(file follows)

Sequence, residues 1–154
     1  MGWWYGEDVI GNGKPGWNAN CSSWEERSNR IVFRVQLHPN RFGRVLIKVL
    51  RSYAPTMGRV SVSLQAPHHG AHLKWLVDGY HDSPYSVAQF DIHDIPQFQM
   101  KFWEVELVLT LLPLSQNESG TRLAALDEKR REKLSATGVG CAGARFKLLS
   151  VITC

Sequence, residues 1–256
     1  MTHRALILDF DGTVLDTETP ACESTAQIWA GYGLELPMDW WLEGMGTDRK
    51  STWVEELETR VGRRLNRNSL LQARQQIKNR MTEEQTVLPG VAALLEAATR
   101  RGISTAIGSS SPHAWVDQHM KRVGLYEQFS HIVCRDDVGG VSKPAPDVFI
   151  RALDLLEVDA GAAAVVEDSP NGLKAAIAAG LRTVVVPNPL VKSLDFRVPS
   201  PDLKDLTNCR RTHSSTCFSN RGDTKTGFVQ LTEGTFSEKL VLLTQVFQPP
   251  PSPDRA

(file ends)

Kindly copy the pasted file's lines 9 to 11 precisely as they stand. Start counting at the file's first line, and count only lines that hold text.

   101  RGISTAIGSS SPHAWVDQHM KRVGLYEQFS HIVCRDDVGG VSKPAPDVFI
   151  RALDLLEVDA GAAAVVEDSP NGLKAAIAAG LRTVVVPNPL VKSLDFRVPS
   201  PDLKDLTNCR RTHSSTCFSN RGDTKTGFVQ LTEGTFSEKL VLLTQVFQPP